Active Engagement: Give students an opportunity to try the same work using the touchstone text.
Link: Remind students that they should be working toward the goal of writing more about their opinions, and that close reading of their books can give them more ideas to write about. Prompt them to think back to all the strategies they’ve learned to make their writing powerful.
Students continue to write more letters, applying what they’ve learned from the writing workshop.

Day 2:
Morning Meeting
Morning Message: Today is Tuesday, March 24, 2015. We will continue to explore 3D shapes?
Inquiry Question: What are the characteristics of 3D shapes? Share what you know with a classmate!

Reading
Unit 5–Series Reading and Cross-Genre Reading Clubs
Part Two: Even When Readers Think We Know How a Series Will Go, We Are Ready to Be Surprised
“Since we know characters don’t always act predictably, we can expect to be surprised now and then by things they do and say. Today I want to teach you that we can read our series on the lookout for those surprising moments—when a character acts out of character. When we see a character acting in a surprising way, we can pause and do some big thinking, jotting on a Post-it what we notice that is different and why we think that this is so.”
– Students read independently and/or with a partner using strategies they’ve learned.

Writing
Interactive Read-Aloud
George and Martha: The Flying Machine by James Marshall

Unit 3 Opinion
Bend 2 Raising the Level of Our Letter Writing
Session 8: Reading Closely to Generate More Writing
Students continue to write more letters, applying what they’ve learned from the writing workshop.
Conferring and Small-Group Work: Linking Details and Ideas

Day 3:
Morning Message
Morning Message: Today is Wednesday, March 25, 2015. We will learn how rectangles can be partitioned into equal squares.
Inquiry Question: Why is it important to divide a rectangle into square? Share what you know with a classmate!

Reading
Unit 5–Series Reading and Cross-Genre Reading Clubs
Part Two: Even When Readers Think We Know How a Series Will Go, We Are Ready to Be Surprised
“Readers, you know how when we come to the end of a book, we know some of our work is just beginning? Well, today I want to teach you that when we end a book, we can reflect, asking, ‘What was the whole book about?’ and ‘Was the author trying to teach us something?’ Then we might go back and find evidence in the book that the author really was trying to teach that lesson.”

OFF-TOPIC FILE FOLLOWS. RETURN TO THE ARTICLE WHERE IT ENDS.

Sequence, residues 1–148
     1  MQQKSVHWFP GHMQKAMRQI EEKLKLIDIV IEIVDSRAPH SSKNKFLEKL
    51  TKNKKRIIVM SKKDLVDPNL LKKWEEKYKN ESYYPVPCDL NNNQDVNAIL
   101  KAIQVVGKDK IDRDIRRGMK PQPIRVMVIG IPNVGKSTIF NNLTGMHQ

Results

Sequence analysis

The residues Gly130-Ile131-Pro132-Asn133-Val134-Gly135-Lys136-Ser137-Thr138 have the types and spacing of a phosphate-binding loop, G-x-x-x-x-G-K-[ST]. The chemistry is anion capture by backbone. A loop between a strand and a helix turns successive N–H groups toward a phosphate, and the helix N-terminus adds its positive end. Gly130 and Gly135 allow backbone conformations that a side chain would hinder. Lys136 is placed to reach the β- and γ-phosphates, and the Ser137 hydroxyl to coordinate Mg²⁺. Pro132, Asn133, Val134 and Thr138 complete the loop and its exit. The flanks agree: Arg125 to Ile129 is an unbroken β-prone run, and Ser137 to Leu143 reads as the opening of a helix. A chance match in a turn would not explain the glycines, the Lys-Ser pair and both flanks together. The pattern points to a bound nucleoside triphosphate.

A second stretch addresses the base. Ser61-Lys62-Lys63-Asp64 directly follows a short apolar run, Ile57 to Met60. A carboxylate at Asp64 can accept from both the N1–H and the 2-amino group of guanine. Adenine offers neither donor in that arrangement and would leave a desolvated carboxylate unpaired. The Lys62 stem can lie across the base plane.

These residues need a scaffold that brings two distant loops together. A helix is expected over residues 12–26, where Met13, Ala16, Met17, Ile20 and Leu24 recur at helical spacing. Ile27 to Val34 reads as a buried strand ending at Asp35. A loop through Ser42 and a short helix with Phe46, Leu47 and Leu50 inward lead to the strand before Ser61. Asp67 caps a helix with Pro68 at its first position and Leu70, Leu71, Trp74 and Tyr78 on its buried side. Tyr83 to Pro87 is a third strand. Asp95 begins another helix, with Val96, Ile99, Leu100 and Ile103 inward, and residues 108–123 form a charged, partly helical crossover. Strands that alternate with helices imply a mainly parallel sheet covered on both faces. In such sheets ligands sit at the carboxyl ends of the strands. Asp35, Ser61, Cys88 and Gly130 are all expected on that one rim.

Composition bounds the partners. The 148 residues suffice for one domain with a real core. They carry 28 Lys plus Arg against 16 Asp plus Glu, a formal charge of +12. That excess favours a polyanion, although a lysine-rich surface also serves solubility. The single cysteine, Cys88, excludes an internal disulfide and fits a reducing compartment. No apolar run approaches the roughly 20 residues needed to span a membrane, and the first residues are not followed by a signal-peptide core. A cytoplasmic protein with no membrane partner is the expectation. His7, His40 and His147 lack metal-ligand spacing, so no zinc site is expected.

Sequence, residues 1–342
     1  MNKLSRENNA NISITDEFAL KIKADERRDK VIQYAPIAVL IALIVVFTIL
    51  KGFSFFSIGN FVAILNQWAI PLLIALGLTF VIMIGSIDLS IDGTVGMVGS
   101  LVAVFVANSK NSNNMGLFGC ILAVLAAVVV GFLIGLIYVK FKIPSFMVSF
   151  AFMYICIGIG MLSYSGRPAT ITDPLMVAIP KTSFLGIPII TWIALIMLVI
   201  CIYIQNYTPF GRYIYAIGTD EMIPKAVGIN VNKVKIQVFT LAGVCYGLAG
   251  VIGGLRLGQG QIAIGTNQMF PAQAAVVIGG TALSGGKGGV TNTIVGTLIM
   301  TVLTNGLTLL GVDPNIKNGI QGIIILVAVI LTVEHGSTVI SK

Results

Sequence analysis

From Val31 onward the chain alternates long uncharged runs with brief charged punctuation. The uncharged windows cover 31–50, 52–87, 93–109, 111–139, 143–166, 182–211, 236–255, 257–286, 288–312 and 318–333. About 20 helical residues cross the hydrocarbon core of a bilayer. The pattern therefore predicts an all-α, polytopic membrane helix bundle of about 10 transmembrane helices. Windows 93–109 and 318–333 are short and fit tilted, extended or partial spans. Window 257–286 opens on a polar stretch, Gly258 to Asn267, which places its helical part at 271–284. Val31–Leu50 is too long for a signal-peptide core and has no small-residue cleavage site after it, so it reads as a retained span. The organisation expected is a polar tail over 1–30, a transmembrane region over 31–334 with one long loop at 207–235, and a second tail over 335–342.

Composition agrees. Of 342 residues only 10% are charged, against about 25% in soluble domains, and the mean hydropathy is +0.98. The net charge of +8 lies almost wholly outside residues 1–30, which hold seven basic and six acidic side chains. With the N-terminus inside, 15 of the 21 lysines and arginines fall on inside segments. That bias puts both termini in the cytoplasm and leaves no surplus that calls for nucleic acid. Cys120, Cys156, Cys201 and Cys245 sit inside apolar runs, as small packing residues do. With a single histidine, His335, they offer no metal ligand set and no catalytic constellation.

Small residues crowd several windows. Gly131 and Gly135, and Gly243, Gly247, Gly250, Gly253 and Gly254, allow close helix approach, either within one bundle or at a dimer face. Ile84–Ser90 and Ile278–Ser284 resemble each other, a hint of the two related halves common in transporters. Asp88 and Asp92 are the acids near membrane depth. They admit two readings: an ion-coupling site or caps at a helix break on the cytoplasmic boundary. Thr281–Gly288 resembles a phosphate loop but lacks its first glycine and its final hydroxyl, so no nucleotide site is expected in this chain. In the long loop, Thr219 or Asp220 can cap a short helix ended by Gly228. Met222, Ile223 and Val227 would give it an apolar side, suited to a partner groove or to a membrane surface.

– Students read independently and/or with a partner using strategies they’ve learned.

Writing
Interactive Read-Aloud
George and Martha: The Tub by James Marshall

Unit 3 Opinion
Bend 2 Raising the Level of Our Letter Writing
Session 9: Gathering More Evidence to support Each of Our Opinions
Mini-lesson
Connection: Congratulate students on the close reading work they did yesterday. Name the teaching point.
Teaching: Let students know that you are aware that they are noticing details and using them to come up with an opinion. But now, they need to take it to the next level and search for even more details to support each of their opinions. Demonstrate taking an idea or opinion from a section of a letter and returning to a book to collect related details and evidence. Debrief, describing the process you followed to gather more details and evidence from the text.
Active Engagement: Ask students to join you in supporting a new opinion.
Link: Add on to the anchor chart and remind students of the importance of using strategies outlined on it.
Students continue to write more letters, applying what they’ve learned from the writing workshop.

Day 4:
Morning Meeting
Morning Message: Today is Thursday, March 26, 2015. We will begin reading and discussing living things and their environment.